But my own freshman homecoming experience was less than delightful, if I recall correctly.

In Fall 2010, I was running around the bonfire with this lovely lady:

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(Taken in our sophomore year–I’ll get to that later)

We decided to run around the fire 14 times as opposed to the “requisite” 114. And it was going just swimmingly, until a horrible little person showed up. This child could not have been older than late middle school age, or perhaps just into high school. But my friend and I are both small people, and this kid was quite solid, so we were well matched in size. On our tenth lap, Little Mr. Awful sneaked out of the crowd and slapped both of us. Hey! Who do you think you are?

So we tried edging away. Didn’t work. Too many people. Eleventh lap, the evil miscreant found us with his beady little eagle eyes. SMACK.

SERIOUSLY, KID?!

Twelfth time around: Little Mr. Awful stuck out his awful little foot and kicked us. ARE YOU KIDDING ME? Where are your parents!

Thirteenth time around, we were especially wary of Little Mr. Awful. And, of course, he found us AGAIN. This time, however, he grabbed the glow stick hanging on a long string around my friend’s neck, pulled her out of the circle, and wrestled her down. Now, both of us are not much over 5 feet tall, and one of us was getting strangled by a prepubescent demon with long fingers and possibly homicidal tendencies.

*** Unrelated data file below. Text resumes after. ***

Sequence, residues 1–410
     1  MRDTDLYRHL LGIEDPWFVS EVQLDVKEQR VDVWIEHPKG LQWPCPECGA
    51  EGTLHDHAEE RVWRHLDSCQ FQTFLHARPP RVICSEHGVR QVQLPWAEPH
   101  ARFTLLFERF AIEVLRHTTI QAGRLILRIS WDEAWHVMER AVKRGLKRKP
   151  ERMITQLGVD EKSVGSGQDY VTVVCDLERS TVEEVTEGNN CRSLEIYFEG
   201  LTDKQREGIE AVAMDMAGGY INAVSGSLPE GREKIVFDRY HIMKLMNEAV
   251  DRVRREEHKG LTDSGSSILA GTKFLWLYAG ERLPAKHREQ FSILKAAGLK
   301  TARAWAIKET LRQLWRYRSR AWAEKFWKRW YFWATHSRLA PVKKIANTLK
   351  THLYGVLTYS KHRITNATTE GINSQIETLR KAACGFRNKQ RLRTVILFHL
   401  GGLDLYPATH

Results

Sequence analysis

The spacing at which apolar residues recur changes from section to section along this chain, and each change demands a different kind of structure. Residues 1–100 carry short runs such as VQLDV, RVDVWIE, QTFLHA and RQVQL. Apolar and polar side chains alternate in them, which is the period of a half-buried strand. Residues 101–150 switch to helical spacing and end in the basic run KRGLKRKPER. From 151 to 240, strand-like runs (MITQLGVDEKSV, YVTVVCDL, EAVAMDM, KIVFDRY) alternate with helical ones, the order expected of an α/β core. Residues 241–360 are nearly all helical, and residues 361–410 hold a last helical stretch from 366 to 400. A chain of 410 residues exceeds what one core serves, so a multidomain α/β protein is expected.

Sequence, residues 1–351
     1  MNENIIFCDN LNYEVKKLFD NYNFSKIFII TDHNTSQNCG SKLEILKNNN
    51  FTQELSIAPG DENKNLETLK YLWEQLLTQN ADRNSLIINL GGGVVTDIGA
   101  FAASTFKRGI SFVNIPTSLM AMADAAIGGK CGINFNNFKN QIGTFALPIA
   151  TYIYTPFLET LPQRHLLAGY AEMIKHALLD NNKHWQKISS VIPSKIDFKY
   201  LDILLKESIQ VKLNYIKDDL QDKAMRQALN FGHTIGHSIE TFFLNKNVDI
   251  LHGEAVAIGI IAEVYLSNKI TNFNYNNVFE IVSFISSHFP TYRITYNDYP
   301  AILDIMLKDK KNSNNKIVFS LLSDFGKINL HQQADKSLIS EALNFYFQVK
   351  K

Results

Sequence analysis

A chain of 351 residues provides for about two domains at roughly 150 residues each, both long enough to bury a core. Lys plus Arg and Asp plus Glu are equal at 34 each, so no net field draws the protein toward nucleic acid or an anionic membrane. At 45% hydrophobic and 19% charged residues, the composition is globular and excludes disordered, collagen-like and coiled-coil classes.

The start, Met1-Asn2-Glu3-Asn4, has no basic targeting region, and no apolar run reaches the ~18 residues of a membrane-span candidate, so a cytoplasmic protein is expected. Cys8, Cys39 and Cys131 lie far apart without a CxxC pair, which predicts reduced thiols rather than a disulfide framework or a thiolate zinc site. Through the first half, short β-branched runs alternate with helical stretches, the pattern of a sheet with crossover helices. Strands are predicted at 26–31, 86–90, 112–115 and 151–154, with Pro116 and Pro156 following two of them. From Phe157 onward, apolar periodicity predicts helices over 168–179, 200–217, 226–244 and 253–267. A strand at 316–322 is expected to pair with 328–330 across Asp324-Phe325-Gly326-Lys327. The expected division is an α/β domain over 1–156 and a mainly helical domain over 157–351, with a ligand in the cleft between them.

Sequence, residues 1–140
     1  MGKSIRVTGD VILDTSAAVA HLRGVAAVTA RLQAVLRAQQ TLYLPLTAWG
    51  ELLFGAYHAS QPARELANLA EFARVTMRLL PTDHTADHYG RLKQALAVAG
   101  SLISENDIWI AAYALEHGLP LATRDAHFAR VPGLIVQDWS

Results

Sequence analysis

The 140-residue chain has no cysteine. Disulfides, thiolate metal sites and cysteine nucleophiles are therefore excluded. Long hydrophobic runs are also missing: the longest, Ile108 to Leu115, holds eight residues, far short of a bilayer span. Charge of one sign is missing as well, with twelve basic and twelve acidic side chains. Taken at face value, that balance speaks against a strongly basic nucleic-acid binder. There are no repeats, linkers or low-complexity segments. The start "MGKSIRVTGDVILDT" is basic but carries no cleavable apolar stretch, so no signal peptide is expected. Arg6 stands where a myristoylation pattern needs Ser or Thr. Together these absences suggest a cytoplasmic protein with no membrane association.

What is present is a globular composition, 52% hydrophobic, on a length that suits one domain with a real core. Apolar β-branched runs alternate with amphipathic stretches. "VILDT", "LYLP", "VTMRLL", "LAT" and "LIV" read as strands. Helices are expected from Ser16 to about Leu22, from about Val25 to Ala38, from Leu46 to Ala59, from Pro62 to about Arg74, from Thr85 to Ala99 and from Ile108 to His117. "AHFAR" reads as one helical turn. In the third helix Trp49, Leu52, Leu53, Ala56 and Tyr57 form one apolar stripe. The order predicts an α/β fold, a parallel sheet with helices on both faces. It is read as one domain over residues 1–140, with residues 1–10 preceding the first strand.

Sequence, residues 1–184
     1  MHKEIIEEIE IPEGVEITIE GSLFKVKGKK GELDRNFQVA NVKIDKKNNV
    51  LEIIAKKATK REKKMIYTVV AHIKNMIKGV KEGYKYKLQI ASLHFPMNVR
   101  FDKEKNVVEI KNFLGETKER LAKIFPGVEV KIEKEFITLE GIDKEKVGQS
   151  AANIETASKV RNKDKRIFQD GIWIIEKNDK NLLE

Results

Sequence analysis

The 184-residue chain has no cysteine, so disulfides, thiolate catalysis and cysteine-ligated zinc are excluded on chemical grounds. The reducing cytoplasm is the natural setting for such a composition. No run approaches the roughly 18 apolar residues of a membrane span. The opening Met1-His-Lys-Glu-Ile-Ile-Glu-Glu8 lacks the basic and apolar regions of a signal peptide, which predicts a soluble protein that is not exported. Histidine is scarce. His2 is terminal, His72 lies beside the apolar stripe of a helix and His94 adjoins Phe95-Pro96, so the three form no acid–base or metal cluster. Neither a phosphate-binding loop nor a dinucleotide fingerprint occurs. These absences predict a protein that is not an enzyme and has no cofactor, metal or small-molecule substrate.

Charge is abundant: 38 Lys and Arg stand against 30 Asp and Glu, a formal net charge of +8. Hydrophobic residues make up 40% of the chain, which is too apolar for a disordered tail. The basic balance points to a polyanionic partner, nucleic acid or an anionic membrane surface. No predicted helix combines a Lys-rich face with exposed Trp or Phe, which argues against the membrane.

Needless to say, I was less than thrilled. So, without going into too many details, I may have gotten into a mild “altercation” with him in an attempt to rescue my poor friend. And the attempt was successful, but not without consequences.

I drew the attention of the crowd of spectators within my immediate vicinity…and it was not pleasant, much to my chagrin. “Hey, girl, what’s WRONG with you?”

“WHAT’S WRONG WITH YOU? HE’S CHOKING HER, for God’s sake! Are you all insane?!” Priorities, guys.

Also, I’m paraphrasing. That exchange included much more colorful language, which I’m choosing to exclude in an effort to not offend your delicate sensibilities.

Now, when did it become okay for random inhabitants of Hanover to assault freshmen? As a matter of fact, it’s never okay when the upperclassmen do it, but seriously? Behave yourself, Hanover. I’ll take none of that from a child, thank you very much. He doesn’t even go here.

I’m a peace-loving, gentle soul, however, and, not wishing to further any conflict, ran another lap with my friend, and left. 14 laps. Done and done.

Actually, it had more to do with the fact that I’d just gotten into a physical struggle with another kid (NOT WITHOUT GOOD REASON) and didn’t feel like hanging around long enough to have to explain the situation.

I regret nothing. No one attempts to cut off my friend’s airway and gets away with it.

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So, in my sophomore year, I thought that we might paint motivational posters for the class of 2015 and stand around the fire with them. We decided to Homecoming a little differently, and it was great. A group of friends of mine got together and did just that.